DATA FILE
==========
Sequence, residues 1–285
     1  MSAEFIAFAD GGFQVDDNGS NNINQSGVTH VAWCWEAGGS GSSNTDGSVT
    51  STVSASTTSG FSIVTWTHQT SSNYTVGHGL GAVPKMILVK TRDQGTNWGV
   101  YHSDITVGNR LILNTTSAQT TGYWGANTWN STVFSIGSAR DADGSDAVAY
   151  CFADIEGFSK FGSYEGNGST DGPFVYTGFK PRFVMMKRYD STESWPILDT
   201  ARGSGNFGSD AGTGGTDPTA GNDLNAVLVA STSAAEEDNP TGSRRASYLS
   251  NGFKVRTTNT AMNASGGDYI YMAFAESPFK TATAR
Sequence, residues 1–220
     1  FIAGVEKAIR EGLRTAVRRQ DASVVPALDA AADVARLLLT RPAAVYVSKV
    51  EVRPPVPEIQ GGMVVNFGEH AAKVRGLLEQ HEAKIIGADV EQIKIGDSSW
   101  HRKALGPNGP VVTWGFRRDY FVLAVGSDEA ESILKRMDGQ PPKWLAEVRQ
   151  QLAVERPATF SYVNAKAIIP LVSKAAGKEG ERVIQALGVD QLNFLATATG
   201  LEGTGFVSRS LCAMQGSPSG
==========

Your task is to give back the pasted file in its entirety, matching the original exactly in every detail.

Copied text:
Sequence, residues 1–285
     1  MSAEFIAFAD GGFQVDDNGS NNINQSGVTH VAWCWEAGGS GSSNTDGSVT
    51  STVSASTTSG FSIVTWTHQT SSNYTVGHGL GAVPKMILVK TRDQGTNWGV
   101  YHSDITVGNR LILNTTSAQT TGYWGANTWN STVFSIGSAR DADGSDAVAY
   151  CFADIEGFSK FGSYEGNGST DGPFVYTGFK PRFVMMKRYD STESWPILDT
   201  ARGSGNFGSD AGTGGTDPTA GNDLNAVLVA STSAAEEDNP TGSRRASYLS
   251  NGFKVRTTNT AMNASGGDYI YMAFAESPFK TATAR
Sequence, residues 1–220
     1  FIAGVEKAIR EGLRTAVRRQ DASVVPALDA AADVARLLLT RPAAVYVSKV
    51  EVRPPVPEIQ GGMVVNFGEH AAKVRGLLEQ HEAKIIGADV EQIKIGDSSW
   101  HRKALGPNGP VVTWGFRRDY FVLAVGSDEA ESILKRMDGQ PPKWLAEVRQ
   151  QLAVERPATF SYVNAKAIIP LVSKAAGKEG ERVIQALGVD QLNFLATATG
   201  LEGTGFVSRS LCAMQGSPSG